I remember back many, many years ago when I was a kid, how weak and feeble our grandparents were at age 60. They all had dentures and were shuffling around and were dead within the next ten years.
Thanks be to God, now 60 is the new 40. I played golf last week with two of my buddies. We are all in our early sixties, and among us we have a quadruple bypass, a triple stent, and a cyberknife surgery which has sent a melanoma into remission.
Shoot, 40 years ago we’d all be dead. Now we’re having the time of our lives. One of us is enjoying his many grandchildren, the other is enjoying skiing, golf, and escaping for the present a death sentence, and I have a puppy.
The “graying of America” brings with its new definition of aging a variety of issues for all of us, and Northwest Dentistry will continue to address them in all of its departments. In this issue, we have a clinical feature on medical conditions of geriatric dental patients by the Drs. Grover and Rhodus.** Thus I do not digress (or ramble) when I observe that it is truly amazing there are so many of us oldsters still enjoying practicing dentistry due to having excellent young associates and embracing the new technologies that are available to us that make us so much more effective, reduce our frustrations, and make dentistry fun again.
Now I can sit back and see that we have a whole bunch of patients who are in their seventies, eighties, nineties, and yes, their hundreds.
Those of us in our sixties have the distinct possibility of living for another 40 years.
One day three years ago I had a patient who was 101 years old. I have known him for years; he lives on my lake. A widower, he remarried at the age of 95 to a pert young widow two years his junior after giving up golf that year because he could no longer shoot his age. He is still going strong at 104. Yet he was not my oldest patient that day! That honor goes to a feisty lady of 103. Living in her apartment in minimal assisted care, she had just given up her weekly poker game because the ladies thought the 25 cent ante was too high so they dropped it back to 10 cents, and she wasn’t going to play with such a bunch of cheapskates. She was truly the stereotypical “mother-in-law”, and my poor friend, her son-in-law, had to endure her acerbic repartee for almost 50 years.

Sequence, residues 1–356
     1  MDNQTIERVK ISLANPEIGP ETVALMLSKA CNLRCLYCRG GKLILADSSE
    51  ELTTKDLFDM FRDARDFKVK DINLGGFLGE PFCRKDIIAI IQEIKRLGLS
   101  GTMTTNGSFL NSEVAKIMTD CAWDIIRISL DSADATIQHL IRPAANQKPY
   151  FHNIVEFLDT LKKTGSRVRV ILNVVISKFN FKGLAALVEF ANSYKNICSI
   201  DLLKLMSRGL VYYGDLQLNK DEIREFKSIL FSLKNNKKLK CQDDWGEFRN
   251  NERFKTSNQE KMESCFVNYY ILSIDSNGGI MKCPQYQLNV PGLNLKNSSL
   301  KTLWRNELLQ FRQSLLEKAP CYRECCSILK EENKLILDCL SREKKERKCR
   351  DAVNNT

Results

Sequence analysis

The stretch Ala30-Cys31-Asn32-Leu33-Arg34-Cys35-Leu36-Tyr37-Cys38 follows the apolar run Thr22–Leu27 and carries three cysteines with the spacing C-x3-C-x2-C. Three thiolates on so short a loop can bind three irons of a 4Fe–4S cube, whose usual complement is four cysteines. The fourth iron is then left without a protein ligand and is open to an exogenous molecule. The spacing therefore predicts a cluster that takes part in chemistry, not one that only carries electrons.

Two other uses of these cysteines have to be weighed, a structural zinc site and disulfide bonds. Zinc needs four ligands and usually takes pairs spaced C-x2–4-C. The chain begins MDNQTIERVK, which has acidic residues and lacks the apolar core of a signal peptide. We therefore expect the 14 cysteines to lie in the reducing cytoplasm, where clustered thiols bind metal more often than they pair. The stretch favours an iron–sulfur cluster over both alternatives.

So there is a whole population of seniors over the age of 60 who will present in our offices with a myriad of problems, a lot of them caused by the medications they are taking. Medication- caused “dry mouth” seems to me to be the greatest problem. I recently saw a patient about ten years older than I am. I have treated him and his family for more than 30 years. He hadn’t been in for a checkup for well over two years, and here he was with his mouth ravaged with rampant caries. Upon questioning, he told me he was on medication that left his mouth so dry that for relief he chewed sugared gum all day long and went to bed sucking on a sugared cough drop which he replaced at least twice during the night. The perfect storm of tooth decay, and it is becoming more common.
As seniors age with their teeth intact, we need to become expertly knowledgeable on how to treat them. Speaking of people in need of treatment, be sure to check out our cover feature on the “Minnesota Mission of Mercy”.† What a great service the dentists of Minnesota and the surrounding states have provided to the many people in need of dental care.
It breaks my heart to think of so many people in need and how if the money confiscated from dentists by the MinnesotaCare tax would only be used to fund dental care for the needy, as we were led to believe it would be in the beginning, rather than having it siphoned off to the “General Fund” for God knows what purpose, we would not have an “access problem” (or whatever euphemism by which we now address this travesty).
May God bless all the generous souls who contributed to this wonderful effort, the Minnesota Mission of Mercy.
*Dr. Stein is Executive Editor of Northwest Dentistry. He is a general dentist in private practice in Aitkin, Minnesota, AitkinDent@AOL.com
**“Common Medical Conditions in Elderly Dental Patients, Part One: Cardiovascular Implications and Management”.
†“Touching Lives Through Smiles: The First-Ever Minnesota Mission of Mercy”